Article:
My 9-year-old son Kason is a believer.
He believes people are genuinely good, that all hearts are pure and that his young friends will always be true to him.
He has faith that his sisters will always defend him, that Mom will always be there in the morning and that Dad will always be home on time for dinner.
He also believes that nothing is too small to find.
Recently, Kason was sitting at my feet on the living room floor playing with a brand new toy car. It’s a die-cast NASCAR model bearing decals from UPS and popular driver Dale Jarrett.
I don’t know much about the full-size car it’s modeled after, but I can tell you this miniature version is lightning fast. It’s powered by a young man with a 1,000-horsepower imagination and a V10 engine of raw creativity.
I also happen to know if catapulted across the floor at your ankle, it leaves a welt.
At some point during this recent evening, the car roared into turn four a bit too hot and slammed into the wall, dislodging a tiny metal piece from its hood. Thankfully, the driver was not physically injured, but I could tell he was emotionally banged up.
We determined the microscopic piece could've been anywhere within a 20-foot radius covering the hardwood floor, thick carpet, the entertainment center and the large leather recliner that had been my perch for the race.
I consoled the young racer and assured him that losing the piece would in no way affect the speed or aerodynamics of the car. It was purely cosmetic and would have zero impact on his ability to win the points championship at the end of the season.
It was my finest Knute Rockne moment. I was so inspired, I wanted to take my own turn hurling the car toward the finish line.
But as I wrapped the speech and held for applause, my guy was back on his hands and knees scouring the floor like a diamond miner.
I told him again, as lovingly as I could, that it would be impossible to find the piece and that he’d be better off bucking up and getting back on the track. “Brush it off, bud.”
He continued undeterred, stopping only to look up at me with eyes as big as an actual NASCAR oval to ask, "Will you help me look? Please?"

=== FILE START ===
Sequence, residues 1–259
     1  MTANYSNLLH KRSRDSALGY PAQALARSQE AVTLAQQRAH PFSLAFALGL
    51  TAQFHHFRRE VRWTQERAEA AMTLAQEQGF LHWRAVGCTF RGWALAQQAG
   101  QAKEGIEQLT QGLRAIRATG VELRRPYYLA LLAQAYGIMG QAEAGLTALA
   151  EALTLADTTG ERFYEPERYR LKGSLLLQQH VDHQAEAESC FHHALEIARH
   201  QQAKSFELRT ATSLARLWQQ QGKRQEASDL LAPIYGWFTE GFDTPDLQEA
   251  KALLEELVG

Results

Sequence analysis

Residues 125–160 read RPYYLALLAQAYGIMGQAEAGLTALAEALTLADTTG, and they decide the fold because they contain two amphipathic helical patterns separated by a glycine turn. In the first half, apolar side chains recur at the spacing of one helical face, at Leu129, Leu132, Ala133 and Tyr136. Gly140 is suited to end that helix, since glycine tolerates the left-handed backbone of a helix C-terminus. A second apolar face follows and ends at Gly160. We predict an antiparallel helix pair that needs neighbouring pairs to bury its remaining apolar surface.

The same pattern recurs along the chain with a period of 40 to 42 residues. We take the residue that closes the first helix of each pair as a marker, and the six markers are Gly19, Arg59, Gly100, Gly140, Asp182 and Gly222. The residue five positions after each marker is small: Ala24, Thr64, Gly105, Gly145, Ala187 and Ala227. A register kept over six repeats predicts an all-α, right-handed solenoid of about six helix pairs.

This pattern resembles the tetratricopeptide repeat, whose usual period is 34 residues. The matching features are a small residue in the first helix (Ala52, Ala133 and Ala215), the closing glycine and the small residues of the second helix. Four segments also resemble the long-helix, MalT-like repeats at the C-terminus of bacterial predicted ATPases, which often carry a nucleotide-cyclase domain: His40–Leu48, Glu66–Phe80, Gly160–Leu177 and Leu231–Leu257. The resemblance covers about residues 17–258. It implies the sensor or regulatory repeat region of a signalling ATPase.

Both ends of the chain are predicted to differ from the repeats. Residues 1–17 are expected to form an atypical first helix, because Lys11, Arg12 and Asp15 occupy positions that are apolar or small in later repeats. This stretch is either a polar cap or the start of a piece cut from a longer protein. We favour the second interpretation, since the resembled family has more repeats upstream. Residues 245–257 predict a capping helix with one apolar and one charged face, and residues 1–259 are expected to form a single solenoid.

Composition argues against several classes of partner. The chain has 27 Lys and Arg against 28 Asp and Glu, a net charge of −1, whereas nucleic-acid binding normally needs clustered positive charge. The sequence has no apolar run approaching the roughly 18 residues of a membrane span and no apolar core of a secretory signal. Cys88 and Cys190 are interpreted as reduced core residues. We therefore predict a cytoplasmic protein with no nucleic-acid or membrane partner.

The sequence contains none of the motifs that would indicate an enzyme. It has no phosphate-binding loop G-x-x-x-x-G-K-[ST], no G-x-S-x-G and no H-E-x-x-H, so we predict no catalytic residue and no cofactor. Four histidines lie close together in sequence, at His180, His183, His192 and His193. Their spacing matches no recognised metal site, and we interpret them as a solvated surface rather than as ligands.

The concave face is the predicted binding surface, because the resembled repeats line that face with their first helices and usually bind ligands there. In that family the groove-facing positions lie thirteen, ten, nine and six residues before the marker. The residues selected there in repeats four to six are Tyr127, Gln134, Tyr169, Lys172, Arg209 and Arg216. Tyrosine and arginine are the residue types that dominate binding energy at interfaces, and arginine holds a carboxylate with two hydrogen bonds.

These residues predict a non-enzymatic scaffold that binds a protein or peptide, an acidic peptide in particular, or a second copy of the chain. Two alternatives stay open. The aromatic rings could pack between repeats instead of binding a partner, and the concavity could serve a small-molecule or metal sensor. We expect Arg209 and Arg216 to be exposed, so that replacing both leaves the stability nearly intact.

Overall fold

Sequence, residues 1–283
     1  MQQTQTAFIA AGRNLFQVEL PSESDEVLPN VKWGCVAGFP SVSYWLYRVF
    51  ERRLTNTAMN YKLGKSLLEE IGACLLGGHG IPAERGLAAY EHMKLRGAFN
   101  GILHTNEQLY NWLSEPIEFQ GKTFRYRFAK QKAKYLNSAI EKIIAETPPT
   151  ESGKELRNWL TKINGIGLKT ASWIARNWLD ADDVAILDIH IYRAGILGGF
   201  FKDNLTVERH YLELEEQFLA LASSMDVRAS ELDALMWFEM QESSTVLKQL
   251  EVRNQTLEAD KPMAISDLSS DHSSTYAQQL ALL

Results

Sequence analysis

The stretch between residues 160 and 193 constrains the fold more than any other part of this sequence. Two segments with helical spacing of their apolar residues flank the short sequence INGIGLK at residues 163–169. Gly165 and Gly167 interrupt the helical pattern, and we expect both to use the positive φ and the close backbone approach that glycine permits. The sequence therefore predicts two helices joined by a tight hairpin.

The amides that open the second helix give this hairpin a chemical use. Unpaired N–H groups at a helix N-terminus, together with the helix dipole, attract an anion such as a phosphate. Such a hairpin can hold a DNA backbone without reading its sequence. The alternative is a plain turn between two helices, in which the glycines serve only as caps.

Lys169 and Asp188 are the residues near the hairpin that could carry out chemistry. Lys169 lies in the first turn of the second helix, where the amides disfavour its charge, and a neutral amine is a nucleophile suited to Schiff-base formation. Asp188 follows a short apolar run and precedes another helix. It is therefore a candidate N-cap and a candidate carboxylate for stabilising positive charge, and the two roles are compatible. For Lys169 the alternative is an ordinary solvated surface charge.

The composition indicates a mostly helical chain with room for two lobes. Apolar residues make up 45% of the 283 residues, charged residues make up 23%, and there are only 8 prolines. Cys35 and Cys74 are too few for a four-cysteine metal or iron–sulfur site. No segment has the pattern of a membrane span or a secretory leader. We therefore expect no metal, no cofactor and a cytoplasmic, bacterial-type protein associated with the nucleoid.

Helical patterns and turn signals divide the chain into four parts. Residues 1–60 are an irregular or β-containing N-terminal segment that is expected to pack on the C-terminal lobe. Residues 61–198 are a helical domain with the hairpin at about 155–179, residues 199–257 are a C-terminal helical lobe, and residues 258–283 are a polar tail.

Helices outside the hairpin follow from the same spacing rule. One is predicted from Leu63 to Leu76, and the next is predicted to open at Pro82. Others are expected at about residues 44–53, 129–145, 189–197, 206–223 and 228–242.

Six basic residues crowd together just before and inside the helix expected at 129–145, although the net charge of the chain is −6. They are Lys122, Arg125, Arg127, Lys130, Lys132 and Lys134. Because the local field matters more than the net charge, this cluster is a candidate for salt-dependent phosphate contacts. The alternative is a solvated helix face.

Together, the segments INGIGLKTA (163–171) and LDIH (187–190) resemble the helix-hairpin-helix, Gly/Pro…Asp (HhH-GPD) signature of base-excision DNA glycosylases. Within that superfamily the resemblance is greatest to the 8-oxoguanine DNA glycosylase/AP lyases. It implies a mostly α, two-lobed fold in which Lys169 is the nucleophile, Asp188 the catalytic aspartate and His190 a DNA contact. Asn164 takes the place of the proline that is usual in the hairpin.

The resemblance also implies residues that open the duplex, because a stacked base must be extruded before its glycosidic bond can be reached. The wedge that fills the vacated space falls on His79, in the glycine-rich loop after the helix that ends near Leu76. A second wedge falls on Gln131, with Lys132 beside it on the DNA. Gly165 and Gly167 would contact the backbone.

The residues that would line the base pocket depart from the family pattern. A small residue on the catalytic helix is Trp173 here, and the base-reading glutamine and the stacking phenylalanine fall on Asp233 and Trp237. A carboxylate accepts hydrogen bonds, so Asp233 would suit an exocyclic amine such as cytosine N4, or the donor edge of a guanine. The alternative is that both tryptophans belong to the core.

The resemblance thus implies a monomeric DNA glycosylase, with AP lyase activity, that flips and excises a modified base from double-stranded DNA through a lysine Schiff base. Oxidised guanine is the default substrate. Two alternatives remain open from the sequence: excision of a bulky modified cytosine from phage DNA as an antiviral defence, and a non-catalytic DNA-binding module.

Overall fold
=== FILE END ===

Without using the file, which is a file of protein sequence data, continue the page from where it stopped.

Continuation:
So I did, briefly, before repeating that he needed to manage his expectations and accept that something so small and unimportant would be very difficult to recover.
He searched on.
Bedtime arrived, and when I invited him to call it quits, he pled for just a little more time. “I will find it, Dad. I will find it.”
I admired his pluck and granted a few extra minutes. Then I left the room to wrap up my own day and prepare for bed.
Five minutes later I returned to find my recliner on its side with the footrest extended. Two little legs twisted out from underneath as one of his older sisters looked on in amusement.
Another moment passed before he slithered out and hopped to his feet. Between two fingertips he held a part so small it could have passed as a grain of sand’s baby brother.
He displayed it proudly and announced the obvious. “I found it.”
I smiled and imagined what else he was thinking. "You owe me an apology and a hot fudge sundae."
Taking advantage of his mother’s surgeon-like repair skills, the piece was reattached and all was well back on the Little Boy Toy Car Racing Circuit. I don’t think my son could have gone to bed any happier if he’d actually won a real NASCAR race.
Enough time has passed since this memory unfolded that he’s had several opportunities to remind me of every detail. But even if he’d never brought it up again, how could I miss the message?
His faith isn’t unique. The world is full of young sons just like him who would have done the exact same thing. Decades ago, I was one of them.
When did my faith become something too important to spend on the small and simple things? When did I become too old to believe that tiny miracles matter, too?
It's not that I don't have faith; I do. I’ve worked hard to nurture it into something that convinces me without doubt that heaven is real, that my family can be together forever and that God loves me as his child — as his literal creation.
But somewhere along the way, I might have forgotten where it all started.
Something tells me my son will never let me forget the miracle of the missing race car part. And I suspect he will never forget the sweet taste of victory at seeing his simple faith rewarded.
I hope I'm right.
Jason F. Wright is a New York Times best-selling author of 10 books, including "Christmas Jars," "The Wednesday Letters," and "The 96th Annual Apple Valley Barn Dance." He can be reached at email@example.com or jasonfwright.com.